History of the Scots and Scots-Irish

History of the Scots and Scots-Irish
Great Scots
Tartan Day: A Day of Scottish Pride
Clans: A Brief History
Genealogical Resources and Research
The Scottish Cook: Recipies of the People


“Human beings are the product and embodiment of their own past. It is only by contact with this past, in thinking and in relationships, that we exist…. For an individual the destruction of memory means the destruction of personality. The same is true for societies: their history is the main component of their present identity. It is history that makes each individual unique in their interpretation and response to current events. It is history that binds a cultural group together. The study of social and cultural history also provides useful lessons and warnings about the kind of mistakes societies are particularly prone to, but its main significance is in enabling us to know ourselves….  Learning and understanding more about cultural heritage allows people a richer fuller appreciation of their own lives and place in the community.” – Rosalind Mitchison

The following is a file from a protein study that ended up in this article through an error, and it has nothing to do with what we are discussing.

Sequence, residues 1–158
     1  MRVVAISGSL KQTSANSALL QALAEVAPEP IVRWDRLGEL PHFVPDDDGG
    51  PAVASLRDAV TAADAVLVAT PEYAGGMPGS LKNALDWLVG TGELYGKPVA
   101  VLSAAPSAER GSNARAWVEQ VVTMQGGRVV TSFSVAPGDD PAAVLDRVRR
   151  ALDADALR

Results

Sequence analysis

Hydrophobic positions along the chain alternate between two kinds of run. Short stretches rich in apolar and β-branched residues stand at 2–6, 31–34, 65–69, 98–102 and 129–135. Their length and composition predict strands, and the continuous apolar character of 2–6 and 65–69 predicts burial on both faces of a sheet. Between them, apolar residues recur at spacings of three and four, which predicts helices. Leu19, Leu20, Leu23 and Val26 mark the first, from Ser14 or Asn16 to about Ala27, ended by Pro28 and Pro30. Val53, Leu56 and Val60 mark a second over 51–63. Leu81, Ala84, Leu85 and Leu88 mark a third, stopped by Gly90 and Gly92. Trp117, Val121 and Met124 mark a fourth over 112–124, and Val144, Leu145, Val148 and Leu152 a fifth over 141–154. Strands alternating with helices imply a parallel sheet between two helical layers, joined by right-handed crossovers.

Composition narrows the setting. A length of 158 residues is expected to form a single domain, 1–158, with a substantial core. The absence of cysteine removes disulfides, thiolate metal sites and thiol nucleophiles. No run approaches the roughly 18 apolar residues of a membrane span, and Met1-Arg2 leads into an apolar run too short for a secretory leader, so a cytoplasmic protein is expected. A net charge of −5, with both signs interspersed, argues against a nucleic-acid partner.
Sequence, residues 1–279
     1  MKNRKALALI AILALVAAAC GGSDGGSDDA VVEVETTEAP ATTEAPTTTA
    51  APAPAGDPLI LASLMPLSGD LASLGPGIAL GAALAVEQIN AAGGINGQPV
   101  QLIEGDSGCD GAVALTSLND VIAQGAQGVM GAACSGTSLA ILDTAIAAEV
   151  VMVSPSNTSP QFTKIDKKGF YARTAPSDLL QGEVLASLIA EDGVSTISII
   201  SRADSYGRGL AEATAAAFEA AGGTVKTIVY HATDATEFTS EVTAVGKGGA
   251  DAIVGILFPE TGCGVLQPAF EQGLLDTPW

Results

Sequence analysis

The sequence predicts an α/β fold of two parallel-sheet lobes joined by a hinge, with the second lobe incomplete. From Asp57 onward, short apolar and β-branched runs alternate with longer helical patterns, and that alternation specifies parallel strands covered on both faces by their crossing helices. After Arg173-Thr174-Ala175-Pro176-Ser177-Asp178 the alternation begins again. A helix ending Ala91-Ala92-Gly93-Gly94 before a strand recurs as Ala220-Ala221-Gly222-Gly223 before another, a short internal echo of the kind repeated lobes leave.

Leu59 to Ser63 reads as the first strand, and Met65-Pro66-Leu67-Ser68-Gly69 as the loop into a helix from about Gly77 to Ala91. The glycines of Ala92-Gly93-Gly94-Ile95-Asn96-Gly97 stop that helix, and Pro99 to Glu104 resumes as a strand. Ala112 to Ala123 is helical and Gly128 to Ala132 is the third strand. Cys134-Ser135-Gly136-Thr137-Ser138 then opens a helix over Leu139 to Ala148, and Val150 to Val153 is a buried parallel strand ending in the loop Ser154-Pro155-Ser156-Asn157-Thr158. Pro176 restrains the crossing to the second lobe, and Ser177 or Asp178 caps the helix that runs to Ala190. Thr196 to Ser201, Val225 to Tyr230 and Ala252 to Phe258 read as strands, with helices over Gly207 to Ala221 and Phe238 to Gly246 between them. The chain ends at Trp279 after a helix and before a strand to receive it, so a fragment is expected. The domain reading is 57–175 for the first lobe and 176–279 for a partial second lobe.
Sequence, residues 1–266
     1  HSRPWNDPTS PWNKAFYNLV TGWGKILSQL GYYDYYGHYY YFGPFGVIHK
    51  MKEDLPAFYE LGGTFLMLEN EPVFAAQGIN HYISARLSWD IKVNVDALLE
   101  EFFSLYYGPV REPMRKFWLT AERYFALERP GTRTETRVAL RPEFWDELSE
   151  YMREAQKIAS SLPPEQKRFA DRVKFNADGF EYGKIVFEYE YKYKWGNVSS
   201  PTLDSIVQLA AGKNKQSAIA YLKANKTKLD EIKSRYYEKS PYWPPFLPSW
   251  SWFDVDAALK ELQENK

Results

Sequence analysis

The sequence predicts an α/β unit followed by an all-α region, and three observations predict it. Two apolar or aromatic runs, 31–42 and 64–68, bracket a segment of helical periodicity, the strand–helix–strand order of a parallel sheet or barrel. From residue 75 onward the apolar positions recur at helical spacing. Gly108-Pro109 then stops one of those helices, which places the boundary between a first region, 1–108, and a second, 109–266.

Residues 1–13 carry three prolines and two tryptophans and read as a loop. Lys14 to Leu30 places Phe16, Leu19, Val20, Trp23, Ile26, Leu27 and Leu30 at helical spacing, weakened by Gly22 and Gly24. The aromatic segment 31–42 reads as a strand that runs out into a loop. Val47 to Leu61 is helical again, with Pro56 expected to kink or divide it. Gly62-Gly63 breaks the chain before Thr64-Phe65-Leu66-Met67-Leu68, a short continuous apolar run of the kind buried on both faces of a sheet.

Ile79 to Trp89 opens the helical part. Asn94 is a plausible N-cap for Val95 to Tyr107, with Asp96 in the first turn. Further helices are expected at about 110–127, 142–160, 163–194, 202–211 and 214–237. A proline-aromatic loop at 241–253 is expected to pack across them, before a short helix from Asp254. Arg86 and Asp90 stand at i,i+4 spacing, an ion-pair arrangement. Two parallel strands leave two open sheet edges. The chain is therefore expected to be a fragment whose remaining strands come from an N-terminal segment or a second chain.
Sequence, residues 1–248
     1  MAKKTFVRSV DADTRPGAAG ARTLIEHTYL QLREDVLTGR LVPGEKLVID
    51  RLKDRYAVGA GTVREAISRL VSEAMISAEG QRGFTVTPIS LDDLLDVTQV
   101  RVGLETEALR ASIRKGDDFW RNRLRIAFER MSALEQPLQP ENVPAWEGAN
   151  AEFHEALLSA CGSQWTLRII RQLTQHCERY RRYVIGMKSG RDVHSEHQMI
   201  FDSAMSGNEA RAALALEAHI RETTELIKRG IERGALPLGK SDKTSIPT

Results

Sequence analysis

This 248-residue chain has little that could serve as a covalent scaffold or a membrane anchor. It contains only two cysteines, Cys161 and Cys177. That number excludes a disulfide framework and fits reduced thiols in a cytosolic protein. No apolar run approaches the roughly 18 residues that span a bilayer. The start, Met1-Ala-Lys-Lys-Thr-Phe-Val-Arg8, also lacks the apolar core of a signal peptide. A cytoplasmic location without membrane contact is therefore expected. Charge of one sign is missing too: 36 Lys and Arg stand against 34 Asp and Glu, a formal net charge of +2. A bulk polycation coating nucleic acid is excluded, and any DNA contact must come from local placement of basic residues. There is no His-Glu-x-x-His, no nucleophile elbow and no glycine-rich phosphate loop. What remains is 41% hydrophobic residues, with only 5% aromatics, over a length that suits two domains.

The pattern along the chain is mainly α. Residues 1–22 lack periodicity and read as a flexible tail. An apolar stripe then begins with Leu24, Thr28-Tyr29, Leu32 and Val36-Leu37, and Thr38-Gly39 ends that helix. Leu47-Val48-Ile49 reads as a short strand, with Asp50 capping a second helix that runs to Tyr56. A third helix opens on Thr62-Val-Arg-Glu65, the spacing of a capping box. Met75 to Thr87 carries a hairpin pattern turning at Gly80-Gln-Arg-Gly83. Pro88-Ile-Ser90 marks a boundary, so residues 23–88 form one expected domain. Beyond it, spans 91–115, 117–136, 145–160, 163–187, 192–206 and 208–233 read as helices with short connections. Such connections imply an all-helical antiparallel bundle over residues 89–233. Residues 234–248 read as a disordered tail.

The steady movement of peoples back and forth between Scotland and Ireland had been a common occurance since well before recorded history. A tribe of Scots coming from Ireland reached the west coast of what we recognize today as Scotland about 500 AD. Their descendants bear the names of the McDonalds, the MacNeils, the Fergusons and many others.

Geographically, Scotland is divided into three distinct regions; the Highlands and Islands in the north and west, the fertile green central Lowlands along the east coast and the broad valleys and hills of the southern Uplands along the English border. The geographic conditions which defined these three regions of Scotland had a significant impact on the events that helped create the differences in culture, language and the economy which defined the regions. Due to the isolation imposed by the rough terrain and lack of transportation between the regions, the Highlanders and the Lowlanders didn’t know each other any better than they knew the border dwellers. For centuries the three societies and cultures grew independently; as a result they all looked upon each other with a certain amount of contempt. Several failed attempts to draw the Highlands and Borders into the central sphere of  Lowland Scottish affairs only strengthened the regional identities of those involved. These efforts, directed from Edinburgh, not only involved military force, but political, religious and educational sanctions as well. These regional differences created different people; they need to be understood in order to understand the contributions of the Scots and Ulster Scots in America.